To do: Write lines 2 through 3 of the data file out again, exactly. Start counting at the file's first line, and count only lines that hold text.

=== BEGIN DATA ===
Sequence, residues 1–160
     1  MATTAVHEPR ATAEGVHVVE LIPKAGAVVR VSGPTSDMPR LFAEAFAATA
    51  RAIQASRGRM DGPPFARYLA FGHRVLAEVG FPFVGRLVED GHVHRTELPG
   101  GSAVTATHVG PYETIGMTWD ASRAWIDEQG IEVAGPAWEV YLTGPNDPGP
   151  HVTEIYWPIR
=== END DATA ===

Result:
     1  MATTAVHEPR ATAEGVHVVE LIPKAGAVVR VSGPTSDMPR LFAEAFAATA
    51  RAIQASRGRM DGPPFARYLA FGHRVLAEVG FPFVGRLVED GHVHRTELPG